Forced migrants and social justice: no justice for asylum seekers in the UK

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By Jenny Phillimore, Professor of Migration and Superdiversity
Department of Social Policy, Sociology and Criminology, University of Birmingham

In aid of World Day of Social Justice, which this year focuses on ‘Workers on the Move: the Quest for Social Justice.’


The emergence of a so-called “refugee crisis” in Europe wherein over a million refugees fleeing conflict sought asylum in the continent in 2015 was viewed as a problem by the public, politicians and policymakers, with concerns exacerbated by the media.  The allegedly “uncontrolled” arrival of asylum seekers is one of the factors that has contributed to rising nationalism, souverainism and Eurosceptism. Many EU states have introduced measures to attempt to reduce the number of asylum seekers arriving even reinstating internal borders and building fences to keep people out.  Once arrived, states are obliged to support and consider the asylum claims of those who are fortunate enough to be able to traverse those increasingly closed borders. Yet once “safe” in the European Union, asylum seekers face increasingly restrictive welfare regimes to act as a deterrent to alleged welfare tourism.  States barely fulfil their obligations under the 1951 UN Refugee Convention, while signalling to the anti-asylum seeker electorate that they are doing everything they can to discourage asylum seeking.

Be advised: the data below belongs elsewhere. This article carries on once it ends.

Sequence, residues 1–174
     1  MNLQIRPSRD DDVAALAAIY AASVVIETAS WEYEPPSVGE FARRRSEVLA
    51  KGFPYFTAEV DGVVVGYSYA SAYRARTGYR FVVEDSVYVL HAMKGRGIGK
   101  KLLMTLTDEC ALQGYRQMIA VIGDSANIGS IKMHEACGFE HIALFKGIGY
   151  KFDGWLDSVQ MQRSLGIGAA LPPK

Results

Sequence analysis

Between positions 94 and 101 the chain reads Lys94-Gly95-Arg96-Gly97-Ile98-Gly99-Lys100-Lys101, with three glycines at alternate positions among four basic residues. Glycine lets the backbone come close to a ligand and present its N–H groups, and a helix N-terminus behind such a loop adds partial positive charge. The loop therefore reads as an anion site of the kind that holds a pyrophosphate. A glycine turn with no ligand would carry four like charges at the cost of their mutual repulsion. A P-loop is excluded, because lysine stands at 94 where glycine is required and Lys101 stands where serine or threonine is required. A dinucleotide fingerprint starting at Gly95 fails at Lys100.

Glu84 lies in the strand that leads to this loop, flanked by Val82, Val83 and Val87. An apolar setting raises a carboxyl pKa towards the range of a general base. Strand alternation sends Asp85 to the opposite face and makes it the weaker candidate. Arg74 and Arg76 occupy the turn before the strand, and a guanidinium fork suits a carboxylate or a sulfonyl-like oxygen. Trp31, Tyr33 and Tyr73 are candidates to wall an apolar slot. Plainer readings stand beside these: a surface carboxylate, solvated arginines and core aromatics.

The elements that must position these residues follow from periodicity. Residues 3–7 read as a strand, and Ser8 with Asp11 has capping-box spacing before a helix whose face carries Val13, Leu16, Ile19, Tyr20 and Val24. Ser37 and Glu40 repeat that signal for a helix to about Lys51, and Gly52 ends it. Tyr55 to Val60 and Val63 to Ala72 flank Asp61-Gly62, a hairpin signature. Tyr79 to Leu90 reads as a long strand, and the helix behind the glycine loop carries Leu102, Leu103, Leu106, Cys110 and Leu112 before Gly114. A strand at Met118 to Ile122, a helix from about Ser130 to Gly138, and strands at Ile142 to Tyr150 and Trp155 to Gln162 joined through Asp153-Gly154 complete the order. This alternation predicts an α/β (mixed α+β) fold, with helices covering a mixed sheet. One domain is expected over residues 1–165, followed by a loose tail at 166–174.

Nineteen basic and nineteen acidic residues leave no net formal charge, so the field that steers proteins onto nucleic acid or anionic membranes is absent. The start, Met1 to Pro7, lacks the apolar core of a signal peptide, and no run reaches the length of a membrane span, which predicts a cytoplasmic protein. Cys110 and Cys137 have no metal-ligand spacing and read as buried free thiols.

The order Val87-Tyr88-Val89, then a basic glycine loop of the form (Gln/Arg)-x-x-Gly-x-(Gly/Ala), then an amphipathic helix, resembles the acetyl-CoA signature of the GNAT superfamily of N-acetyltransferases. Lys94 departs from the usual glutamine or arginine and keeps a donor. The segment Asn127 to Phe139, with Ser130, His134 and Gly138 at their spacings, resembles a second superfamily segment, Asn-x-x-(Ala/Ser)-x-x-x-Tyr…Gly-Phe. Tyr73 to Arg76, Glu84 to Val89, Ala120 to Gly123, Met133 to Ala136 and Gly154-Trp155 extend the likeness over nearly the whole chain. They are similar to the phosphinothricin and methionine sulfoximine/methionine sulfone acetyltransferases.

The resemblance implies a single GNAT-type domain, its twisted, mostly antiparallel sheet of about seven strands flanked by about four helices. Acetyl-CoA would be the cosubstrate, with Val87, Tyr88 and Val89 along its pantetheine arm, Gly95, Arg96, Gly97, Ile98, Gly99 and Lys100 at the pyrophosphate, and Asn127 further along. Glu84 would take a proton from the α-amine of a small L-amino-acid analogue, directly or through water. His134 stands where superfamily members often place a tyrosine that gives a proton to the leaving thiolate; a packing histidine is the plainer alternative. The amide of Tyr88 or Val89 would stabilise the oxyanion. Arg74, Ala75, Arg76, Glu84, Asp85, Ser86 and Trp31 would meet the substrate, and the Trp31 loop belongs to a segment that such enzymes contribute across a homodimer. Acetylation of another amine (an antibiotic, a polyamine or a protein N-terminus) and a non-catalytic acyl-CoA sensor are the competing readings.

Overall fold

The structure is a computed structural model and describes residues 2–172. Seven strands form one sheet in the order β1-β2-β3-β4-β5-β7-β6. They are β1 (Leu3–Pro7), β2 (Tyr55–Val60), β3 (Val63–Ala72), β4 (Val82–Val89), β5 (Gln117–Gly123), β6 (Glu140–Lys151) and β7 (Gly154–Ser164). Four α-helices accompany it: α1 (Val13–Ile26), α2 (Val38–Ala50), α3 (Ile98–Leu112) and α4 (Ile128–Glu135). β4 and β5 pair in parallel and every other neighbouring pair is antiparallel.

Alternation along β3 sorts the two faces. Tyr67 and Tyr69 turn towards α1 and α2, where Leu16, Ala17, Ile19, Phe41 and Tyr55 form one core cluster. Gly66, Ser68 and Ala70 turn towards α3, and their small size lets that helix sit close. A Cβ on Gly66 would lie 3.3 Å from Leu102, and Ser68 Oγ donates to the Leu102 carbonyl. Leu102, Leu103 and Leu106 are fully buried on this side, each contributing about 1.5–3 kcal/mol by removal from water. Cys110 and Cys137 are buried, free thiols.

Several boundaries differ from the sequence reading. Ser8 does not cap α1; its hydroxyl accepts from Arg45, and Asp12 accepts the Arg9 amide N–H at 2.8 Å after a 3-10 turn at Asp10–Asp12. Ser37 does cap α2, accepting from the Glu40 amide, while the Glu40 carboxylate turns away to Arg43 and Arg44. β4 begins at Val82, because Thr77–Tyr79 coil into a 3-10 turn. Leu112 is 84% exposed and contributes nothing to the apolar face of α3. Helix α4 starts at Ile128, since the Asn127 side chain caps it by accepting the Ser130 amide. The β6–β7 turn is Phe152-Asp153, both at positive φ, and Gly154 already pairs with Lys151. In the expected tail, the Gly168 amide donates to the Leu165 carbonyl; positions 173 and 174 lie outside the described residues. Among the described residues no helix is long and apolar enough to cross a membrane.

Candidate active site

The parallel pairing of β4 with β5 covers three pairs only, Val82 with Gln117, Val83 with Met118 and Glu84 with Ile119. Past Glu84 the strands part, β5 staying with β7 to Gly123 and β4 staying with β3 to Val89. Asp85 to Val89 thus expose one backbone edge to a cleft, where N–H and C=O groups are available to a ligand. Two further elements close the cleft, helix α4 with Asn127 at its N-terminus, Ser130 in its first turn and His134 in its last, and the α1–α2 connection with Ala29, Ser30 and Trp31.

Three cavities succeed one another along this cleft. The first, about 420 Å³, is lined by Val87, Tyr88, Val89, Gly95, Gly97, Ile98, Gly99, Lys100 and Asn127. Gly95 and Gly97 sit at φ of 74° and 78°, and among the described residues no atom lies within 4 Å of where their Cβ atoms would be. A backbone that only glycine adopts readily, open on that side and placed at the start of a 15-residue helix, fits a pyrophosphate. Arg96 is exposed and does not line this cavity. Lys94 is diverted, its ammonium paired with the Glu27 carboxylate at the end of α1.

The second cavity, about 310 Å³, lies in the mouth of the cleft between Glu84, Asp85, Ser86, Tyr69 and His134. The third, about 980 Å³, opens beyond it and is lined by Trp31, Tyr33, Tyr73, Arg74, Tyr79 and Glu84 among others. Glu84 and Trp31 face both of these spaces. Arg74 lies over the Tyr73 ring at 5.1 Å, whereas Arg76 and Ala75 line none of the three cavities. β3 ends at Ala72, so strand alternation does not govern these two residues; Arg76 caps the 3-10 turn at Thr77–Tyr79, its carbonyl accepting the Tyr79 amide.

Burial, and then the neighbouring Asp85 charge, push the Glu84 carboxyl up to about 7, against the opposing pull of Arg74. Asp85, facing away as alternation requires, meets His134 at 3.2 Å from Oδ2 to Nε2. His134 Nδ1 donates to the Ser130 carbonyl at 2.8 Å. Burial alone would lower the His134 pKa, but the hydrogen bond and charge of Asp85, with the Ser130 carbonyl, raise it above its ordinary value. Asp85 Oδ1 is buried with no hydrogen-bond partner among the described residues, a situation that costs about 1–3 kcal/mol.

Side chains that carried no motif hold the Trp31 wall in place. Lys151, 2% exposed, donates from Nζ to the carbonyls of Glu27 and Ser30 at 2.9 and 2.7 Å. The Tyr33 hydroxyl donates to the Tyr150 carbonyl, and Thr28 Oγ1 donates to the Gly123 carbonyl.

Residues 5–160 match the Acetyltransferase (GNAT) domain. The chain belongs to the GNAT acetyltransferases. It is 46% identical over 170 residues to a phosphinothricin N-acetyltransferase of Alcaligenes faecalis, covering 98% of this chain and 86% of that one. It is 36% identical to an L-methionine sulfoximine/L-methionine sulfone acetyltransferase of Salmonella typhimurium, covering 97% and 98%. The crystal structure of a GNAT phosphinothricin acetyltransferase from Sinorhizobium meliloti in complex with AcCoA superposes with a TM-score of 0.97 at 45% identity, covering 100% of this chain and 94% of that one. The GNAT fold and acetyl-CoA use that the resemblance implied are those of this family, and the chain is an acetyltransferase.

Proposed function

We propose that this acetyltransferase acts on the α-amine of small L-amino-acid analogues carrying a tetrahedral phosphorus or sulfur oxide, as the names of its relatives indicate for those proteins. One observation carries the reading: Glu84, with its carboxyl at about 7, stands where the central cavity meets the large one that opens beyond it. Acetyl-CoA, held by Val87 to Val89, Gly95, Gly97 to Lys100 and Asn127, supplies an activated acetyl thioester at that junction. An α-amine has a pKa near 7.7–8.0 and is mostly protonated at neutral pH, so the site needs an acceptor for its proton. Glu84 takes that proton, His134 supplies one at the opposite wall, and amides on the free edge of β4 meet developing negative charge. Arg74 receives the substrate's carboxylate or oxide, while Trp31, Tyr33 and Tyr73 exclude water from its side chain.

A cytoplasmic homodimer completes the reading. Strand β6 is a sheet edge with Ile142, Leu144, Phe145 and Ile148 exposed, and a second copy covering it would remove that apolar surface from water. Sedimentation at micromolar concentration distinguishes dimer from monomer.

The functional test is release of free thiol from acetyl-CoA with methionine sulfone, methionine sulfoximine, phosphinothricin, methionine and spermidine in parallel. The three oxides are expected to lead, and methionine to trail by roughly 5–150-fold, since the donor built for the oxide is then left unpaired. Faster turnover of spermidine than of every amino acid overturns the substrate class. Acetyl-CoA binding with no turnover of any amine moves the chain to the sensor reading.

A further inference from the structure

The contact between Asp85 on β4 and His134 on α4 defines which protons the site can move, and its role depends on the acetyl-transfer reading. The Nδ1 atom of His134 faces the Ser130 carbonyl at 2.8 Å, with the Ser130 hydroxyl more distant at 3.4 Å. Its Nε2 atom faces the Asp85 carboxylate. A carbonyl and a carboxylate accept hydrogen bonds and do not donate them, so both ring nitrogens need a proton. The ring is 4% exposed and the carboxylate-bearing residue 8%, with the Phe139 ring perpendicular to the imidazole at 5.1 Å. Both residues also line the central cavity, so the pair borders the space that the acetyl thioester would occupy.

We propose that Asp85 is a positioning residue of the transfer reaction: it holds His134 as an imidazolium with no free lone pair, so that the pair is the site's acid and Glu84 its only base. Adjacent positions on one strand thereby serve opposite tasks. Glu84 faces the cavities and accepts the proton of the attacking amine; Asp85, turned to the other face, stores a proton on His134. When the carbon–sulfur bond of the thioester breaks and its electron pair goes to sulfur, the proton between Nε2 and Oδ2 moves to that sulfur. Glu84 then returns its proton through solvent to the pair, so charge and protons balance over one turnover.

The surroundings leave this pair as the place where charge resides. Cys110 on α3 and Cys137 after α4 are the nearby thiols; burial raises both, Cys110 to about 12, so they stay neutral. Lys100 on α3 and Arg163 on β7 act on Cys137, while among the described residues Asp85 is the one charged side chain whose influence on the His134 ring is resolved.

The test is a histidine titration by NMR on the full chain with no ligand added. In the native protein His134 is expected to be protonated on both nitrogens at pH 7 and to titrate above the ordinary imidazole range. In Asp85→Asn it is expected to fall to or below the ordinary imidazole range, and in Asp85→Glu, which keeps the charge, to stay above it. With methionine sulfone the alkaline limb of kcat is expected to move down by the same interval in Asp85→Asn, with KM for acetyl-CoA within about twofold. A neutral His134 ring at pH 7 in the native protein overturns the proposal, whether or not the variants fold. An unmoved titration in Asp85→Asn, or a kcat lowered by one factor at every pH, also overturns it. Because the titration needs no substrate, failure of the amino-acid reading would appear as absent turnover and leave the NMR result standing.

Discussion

Asylum seekers are essentially victims of global injustices which are not addressed by national bodies who are keen to avoid offering refuge and use the presence of national borders to shirk their obligations.  Asylum seekers in the UK are subject to detention, inhuman living conditions, mis-framing, unequal living and working conditions, low levels of support, restricted access to health care, poor welfare outcomes, racism and discrimination.  The injustices they are subject to occur across multiple scales, are over-lapping and are inherently institutionalised – part of a political strategy to create a hostile environment.

There is no moral justification in social justice scholarship to support the idea that any kind of person or group can be subject to injustice while they are in the liminal space that is the asylum system.  We need to question the moral consequences of such institutionalised injustice.  Support for their demonization and exclusion from parity of participation by politicians, the media and a large proportion of the population may set a dangerous precedent.  There is potential for further moral slippage if there is popular support for the denial of social justice to other groups labelled undeserving.  We must ask ourselves what are the long term consequences for individuals and society of deciding that any group should be treated unjustly?  I turn to Nancy Fraser (2008) and her call for a transformative politics of framing in which social justice occurs at global level with appropriate forums developed to ensure that parity of participation can happen regardless of borders.  In the face of accelerated and intensified mobilities associated with globalisation, in combination with the rise of nationalism, the failure to develop new mechanisms for ensuring social justice for all will inevitably lead to a rise in state sanctioned social injustice the likes of which have been evident in the first year of Donald Trump’s US Presidency.


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